Having found the wonderful world of ICM and double exposures on my phone I decided that this year my cards would be abstract Christmas works of art.
Local to us we have the most amazing garden centre called Intratuin. Each year it puts on probably the biggest indoor display in NL, and I decided it was the perfect place to find inspiration. Armed only with my phone and a couple of Apps I spent around 3 hours in perfect creative bliss collecting ICM and detail shots of lights, tinsel, decorations, greenery and decorations. Its fair to say I have literally hundreds of images on my phone. Those you see are just a selection that I worked with in the photosplit app and in photoshop to create the double exposure effect.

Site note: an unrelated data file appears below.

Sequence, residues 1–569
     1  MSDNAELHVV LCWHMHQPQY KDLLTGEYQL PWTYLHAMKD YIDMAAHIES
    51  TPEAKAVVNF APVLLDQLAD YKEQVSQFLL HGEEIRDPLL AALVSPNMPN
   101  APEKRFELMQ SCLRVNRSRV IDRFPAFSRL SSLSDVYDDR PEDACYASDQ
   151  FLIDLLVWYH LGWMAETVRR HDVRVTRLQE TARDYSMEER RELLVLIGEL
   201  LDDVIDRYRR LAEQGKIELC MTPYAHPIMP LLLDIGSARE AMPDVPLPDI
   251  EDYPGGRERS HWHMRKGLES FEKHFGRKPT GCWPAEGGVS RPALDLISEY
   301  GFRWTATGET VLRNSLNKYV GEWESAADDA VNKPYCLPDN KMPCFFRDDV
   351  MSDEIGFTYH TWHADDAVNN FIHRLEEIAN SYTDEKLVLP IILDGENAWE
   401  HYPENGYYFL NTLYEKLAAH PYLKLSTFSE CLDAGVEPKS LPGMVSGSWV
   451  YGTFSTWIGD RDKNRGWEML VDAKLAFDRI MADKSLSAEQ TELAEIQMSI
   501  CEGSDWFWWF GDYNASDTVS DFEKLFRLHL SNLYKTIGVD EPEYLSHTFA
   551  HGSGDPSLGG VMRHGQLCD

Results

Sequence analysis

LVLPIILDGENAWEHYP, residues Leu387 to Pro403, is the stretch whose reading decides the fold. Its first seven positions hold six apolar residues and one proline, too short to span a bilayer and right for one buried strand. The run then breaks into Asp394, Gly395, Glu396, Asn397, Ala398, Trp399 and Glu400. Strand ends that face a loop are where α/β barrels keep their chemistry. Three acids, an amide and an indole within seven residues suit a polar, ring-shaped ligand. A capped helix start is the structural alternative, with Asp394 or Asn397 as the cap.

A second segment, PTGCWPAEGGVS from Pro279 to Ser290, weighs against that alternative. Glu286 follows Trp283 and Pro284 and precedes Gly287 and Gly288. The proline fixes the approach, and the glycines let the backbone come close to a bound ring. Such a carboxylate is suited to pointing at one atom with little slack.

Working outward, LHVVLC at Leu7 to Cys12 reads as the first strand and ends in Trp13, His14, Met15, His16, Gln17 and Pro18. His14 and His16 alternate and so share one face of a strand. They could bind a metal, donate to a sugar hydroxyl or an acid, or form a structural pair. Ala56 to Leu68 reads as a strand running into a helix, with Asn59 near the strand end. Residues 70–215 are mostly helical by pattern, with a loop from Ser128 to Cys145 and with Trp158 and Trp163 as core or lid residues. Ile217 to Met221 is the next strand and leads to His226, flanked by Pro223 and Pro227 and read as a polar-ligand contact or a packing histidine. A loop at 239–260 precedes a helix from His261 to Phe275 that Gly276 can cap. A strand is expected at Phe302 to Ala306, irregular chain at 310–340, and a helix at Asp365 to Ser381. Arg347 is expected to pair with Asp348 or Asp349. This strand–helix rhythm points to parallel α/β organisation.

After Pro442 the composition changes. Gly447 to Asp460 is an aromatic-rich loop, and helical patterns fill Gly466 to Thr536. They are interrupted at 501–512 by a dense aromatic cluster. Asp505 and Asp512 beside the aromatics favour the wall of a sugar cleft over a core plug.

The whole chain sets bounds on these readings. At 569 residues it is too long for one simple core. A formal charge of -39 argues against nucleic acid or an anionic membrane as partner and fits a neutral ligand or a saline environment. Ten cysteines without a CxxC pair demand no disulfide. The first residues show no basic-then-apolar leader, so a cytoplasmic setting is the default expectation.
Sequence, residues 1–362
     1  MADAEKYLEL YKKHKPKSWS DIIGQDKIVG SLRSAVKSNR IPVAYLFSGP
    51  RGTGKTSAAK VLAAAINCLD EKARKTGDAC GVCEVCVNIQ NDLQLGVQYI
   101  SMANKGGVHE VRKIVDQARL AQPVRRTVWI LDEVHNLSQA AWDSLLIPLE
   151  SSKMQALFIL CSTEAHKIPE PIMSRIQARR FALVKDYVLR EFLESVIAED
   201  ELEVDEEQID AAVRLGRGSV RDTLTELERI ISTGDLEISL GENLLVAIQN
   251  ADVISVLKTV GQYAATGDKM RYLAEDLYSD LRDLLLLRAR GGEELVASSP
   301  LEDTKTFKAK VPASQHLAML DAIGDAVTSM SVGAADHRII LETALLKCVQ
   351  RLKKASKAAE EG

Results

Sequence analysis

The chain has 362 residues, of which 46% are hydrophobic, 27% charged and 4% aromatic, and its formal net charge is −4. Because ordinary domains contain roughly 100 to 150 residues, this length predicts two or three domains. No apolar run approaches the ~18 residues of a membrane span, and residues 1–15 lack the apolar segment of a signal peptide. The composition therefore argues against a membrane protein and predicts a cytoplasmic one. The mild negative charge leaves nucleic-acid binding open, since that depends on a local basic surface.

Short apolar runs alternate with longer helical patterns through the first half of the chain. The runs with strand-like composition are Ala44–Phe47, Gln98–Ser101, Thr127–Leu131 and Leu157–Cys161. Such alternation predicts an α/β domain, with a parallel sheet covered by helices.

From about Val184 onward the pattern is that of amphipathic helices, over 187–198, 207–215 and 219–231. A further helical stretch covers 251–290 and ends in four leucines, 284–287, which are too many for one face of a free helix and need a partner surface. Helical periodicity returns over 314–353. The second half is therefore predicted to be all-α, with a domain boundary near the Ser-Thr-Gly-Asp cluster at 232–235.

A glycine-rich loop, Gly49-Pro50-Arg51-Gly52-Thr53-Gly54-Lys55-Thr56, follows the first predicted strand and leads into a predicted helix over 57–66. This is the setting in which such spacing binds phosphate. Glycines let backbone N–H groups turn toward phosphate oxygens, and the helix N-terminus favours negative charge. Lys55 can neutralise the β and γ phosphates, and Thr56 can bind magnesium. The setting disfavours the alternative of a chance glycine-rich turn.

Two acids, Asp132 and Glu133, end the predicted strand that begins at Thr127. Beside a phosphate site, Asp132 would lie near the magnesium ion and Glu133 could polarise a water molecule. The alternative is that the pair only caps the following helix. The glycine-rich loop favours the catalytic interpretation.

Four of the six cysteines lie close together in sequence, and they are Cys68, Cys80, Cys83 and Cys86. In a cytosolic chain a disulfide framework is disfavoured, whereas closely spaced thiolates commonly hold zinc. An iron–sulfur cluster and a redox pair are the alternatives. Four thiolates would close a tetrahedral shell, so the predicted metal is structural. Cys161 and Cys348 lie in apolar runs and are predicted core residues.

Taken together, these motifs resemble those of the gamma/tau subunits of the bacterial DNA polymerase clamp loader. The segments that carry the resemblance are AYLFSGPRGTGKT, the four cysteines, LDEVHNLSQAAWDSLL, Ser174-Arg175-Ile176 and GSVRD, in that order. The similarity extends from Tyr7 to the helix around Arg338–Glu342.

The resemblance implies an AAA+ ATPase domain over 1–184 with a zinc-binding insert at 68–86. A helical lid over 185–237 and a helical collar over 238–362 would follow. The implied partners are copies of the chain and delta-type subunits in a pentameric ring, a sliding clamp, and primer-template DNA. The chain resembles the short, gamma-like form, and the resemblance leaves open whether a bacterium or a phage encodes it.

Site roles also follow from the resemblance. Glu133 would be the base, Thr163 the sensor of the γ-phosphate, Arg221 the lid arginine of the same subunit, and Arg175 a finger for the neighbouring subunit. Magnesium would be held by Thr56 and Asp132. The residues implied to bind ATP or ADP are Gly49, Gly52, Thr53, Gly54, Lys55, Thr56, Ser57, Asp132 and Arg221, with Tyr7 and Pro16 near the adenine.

And a little behind the scenes sneak peak. The garden centre.
Here are the two photos for each of the final photos. Just to give you an idea of what I see and what I combine. I look for interesting combinations of light, colour and shape. I try to minimise distractions so I can easily overlay images in a phone ap. But for the second of these examples I did take the image into PS to remove the price labels. When I was walking around I was looking for strong lines, shapes, contrast and colours that could combine and compliment each other. In some images I used ICM to add a bit of a creative feel, but with some of the textures I liked how they were and just took a normal photo.